Tracy Strauss, a poet, prose writer, educator, and past recipient of a Somerville Arts Council Artist Fellowship, recently attended the Bread Loaf Writers’ Conference, set in Vermont’s Green Mountain National Forest. We asked Tracy about her thoughts on the conference, and she passed along this terrific description of her particular experiences, ranging from the view (stunning), to the road (harrowing), to the writing (refocused).
Diary of a Bread Loafer
by Tracy L. Strauss
I just returned from the Bread Loaf Writers’ Conference in Ripton, VT, where 200 writers of fiction, nonfiction, and poetry gathered for twelve days of literary exploration. As I reflect upon my first-time attendance, I can say that my experience atop “The Mountain” was challenging, exhilarating, and inspiring.
Each day was filled with a lineup of lectures and readings by great writers, panel discussions on acquiring an agent and approaching book and magazine editors, craft classes, and writing workshops. A familiar face, Chris Castellani, of Boston’s Grub Street, was also present on the mountain to talk about writing centers, colonies, and other professional development opportunities.
Evenings brought the chance for us Bread Loafers to read our work in the Blue Parlor, where we cheered each other on and shared our latest pieces of poetry and prose. (Each day’s itinerary was delivered to us via The Crumb, Bread Loaf’s daily dose).
Studying with Patricia Hampl, I had the opportunity to share a chapter of my memoir-in-progress with faculty and fellow writers for critical response. A discussion about metaphor and structure brought my project into rack focus within my inner eye, and sent me off with keener vision, motivation, and direction.
During breaks in the action, I would take some time for a little solitude, sitting in one of Bread Loaf’s many Appalachian chairs, looking out at the contemplative majesty of the Green Mountains. The sun glowed over parts of it, casting shadows over others. My journey to Bread Loaf, as in the writer’s life, seemed to be pictured in those mountains in the darkness and light, in the peaks and valleys, standing tall, reaching for the heavens.
The stars were amazing at Bread Loaf. The sky was like a planetarium, with perfectly lit constellations and even the distinct appearance of the Milky Way. Many times I found myself standing in the middle of a field with fellow Bread Loafers, our heads craned back as we stared up at the stars, unable to tear ourselves away.
Before my trip to Bread Loaf Mountain, I had heard about a sense of elitism that some said pervades the Conference. What I did witness was easy to simply tune out. Many attendees, myself included, chose rather to tune in the camaraderie between newfound friends, and, in doing so, unnecessary competitiveness disappeared from the radar.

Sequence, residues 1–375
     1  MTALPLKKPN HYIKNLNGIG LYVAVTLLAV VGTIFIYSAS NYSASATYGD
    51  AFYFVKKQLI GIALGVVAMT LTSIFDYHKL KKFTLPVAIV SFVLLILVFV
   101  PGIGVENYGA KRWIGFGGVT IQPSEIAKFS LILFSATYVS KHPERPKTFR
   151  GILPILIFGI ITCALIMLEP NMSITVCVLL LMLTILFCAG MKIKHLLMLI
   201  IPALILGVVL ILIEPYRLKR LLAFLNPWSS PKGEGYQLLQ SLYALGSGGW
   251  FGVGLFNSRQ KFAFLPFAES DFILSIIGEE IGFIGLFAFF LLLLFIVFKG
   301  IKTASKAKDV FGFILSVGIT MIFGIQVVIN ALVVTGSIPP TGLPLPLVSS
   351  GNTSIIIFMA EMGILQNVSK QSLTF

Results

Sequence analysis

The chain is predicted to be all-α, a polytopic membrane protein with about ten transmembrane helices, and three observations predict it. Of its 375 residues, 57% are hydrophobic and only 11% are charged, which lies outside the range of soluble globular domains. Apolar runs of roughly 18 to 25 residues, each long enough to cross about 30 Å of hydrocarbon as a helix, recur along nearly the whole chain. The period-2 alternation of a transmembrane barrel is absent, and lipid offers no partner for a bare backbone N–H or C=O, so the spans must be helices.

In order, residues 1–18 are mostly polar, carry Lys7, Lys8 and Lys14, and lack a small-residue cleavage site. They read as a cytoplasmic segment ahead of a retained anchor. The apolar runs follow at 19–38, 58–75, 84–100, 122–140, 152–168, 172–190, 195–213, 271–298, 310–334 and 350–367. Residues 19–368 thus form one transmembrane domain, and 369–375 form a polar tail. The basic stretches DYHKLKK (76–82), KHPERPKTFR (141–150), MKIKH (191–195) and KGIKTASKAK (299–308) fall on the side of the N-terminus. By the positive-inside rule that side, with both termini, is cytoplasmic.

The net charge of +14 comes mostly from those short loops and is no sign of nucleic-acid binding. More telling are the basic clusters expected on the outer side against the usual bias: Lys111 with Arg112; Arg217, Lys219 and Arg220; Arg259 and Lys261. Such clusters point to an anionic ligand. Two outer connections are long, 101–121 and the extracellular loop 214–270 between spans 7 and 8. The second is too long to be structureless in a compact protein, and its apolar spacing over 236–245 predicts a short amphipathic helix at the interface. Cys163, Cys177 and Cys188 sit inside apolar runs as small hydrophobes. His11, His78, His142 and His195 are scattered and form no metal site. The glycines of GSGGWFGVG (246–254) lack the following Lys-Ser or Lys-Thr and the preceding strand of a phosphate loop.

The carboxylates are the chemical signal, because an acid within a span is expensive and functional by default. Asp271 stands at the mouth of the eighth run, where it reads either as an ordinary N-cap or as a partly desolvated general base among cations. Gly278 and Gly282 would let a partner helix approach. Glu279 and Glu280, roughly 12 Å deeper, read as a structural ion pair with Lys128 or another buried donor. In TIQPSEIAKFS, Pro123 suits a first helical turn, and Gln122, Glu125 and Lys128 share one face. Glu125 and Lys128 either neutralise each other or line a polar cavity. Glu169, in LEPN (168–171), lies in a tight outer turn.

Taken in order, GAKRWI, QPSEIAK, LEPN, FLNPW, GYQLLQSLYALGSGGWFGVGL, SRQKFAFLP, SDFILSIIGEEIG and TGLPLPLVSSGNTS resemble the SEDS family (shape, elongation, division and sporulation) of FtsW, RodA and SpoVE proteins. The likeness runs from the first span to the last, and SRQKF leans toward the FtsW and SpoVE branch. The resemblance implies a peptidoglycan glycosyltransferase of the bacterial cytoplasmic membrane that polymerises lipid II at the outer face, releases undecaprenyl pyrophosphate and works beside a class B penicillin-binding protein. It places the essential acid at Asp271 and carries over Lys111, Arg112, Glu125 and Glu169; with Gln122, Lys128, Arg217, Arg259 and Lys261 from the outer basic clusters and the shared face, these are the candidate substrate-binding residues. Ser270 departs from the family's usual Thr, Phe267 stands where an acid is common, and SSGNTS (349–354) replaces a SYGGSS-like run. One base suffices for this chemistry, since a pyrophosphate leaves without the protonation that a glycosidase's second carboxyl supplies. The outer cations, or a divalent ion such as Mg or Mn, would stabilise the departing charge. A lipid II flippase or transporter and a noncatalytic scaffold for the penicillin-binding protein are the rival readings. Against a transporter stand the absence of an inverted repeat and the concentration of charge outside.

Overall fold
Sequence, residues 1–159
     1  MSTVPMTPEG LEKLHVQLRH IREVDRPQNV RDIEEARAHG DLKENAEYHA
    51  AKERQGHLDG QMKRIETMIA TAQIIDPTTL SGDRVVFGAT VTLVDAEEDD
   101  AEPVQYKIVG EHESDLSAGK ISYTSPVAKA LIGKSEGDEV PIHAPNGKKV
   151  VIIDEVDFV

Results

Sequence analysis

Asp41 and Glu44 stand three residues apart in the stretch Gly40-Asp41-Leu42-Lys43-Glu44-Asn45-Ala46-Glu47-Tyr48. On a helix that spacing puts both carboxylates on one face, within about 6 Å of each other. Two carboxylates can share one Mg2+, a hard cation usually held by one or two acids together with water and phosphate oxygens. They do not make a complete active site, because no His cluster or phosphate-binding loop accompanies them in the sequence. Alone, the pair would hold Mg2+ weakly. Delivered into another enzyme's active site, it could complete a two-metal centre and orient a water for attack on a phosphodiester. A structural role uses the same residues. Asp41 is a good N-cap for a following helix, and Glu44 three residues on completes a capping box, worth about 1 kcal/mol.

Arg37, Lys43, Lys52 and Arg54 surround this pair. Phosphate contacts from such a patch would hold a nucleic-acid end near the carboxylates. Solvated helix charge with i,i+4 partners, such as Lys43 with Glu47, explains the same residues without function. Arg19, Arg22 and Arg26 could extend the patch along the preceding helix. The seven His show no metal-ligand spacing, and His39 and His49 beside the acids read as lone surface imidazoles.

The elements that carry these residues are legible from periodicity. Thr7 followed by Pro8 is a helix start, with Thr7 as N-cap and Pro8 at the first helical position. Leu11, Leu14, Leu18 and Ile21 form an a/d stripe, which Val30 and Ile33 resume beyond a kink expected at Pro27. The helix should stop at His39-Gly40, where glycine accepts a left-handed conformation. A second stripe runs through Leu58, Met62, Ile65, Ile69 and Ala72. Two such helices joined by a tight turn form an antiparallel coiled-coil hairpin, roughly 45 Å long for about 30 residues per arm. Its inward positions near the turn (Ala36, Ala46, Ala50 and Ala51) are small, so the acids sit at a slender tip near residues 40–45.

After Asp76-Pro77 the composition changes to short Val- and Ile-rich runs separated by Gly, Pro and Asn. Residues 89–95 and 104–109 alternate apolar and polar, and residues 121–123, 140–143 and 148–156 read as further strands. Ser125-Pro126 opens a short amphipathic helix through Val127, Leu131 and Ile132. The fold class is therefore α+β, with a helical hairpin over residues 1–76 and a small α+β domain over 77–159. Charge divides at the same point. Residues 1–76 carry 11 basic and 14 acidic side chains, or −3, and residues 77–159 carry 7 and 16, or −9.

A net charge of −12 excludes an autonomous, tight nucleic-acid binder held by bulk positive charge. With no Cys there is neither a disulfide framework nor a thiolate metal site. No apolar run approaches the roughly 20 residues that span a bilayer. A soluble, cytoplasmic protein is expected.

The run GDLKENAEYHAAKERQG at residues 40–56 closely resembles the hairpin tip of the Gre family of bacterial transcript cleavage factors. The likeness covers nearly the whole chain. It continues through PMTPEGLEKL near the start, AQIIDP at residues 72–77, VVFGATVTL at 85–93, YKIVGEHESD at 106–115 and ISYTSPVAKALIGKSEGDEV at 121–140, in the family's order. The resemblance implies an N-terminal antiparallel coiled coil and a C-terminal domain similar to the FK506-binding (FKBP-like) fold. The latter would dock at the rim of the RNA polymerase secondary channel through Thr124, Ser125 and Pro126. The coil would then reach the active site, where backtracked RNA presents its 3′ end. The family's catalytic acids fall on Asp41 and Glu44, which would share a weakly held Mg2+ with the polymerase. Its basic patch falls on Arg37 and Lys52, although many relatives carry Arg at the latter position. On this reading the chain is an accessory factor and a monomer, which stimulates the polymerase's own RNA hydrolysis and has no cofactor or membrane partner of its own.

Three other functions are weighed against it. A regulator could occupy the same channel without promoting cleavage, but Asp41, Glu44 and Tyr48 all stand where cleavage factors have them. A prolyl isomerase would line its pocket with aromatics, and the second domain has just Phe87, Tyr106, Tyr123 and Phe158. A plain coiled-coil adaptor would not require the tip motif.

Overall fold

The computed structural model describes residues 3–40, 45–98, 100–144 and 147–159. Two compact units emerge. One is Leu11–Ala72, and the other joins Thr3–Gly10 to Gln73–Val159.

With no cell phone access and limited internet, many Bread Loafers went a little batty over the course of twelve days in literary seclusion, but the Conference scheduled two fun-filled barn dances to provide an outlet for such energy. Imagine a bunch of writers at a dance the kind of social situation most of us dreaded in junior high. Then imagine us in our own skins, dancing to “Thriller” and “Crazy,” and having the time of our lives.
Meals were a time for us to share stories about ourselves, and, in many instances to make further connections with agents and editors and writing consultants who sat alongside us at the dining hall tables. Midway through the Conference, we took a 1.5 mile hike to the Robert Frost Farm, where we enjoyed a picnic lunch, toured Frost’s cabin, and listened to a lecture by Jay Parini, who spoke about Frost’s inspiration in nature. Bread Loaf also continued its tradition of the Poets and Prosers Pig Roast one evening, with vegetarian options available.
My trip to Bread Loaf began with some bumps in the road: literally, recent floods washed out the road to Ripton, forcing me to take a detour, which meant a steering-wheel gripping forty-five minute drive through an unpaved ditch-ridden “road” that wound through the woods. At one point the path split in two, and I did not know which one was the path to Bread Loaf. I wondered if I was re-living Robert Frost’s “The Road Not Taken.” (Frost, who shared his craft at Bread Loaf from 1939 until his death in 1963, is legacy at this Conference.) I chose right, however, as a half hour later I came upon a small sign that read “To Bread Loaf” and included an arrow outlined in yellow “Caution” tape.
My time away from Massachusetts seemed to isolate me from my life yet it simultaneously brought me back to it. The road I traveled home was smooth repaired and open and filled with a renewed sense of clarity, and the drive to write.
Images: Tracy Strauss reads in the Blue Parlor; view of the Green Mountains from Bread Loaf; on the porch at Bread Loaf; “To Bread Loaf” sign with caution tape.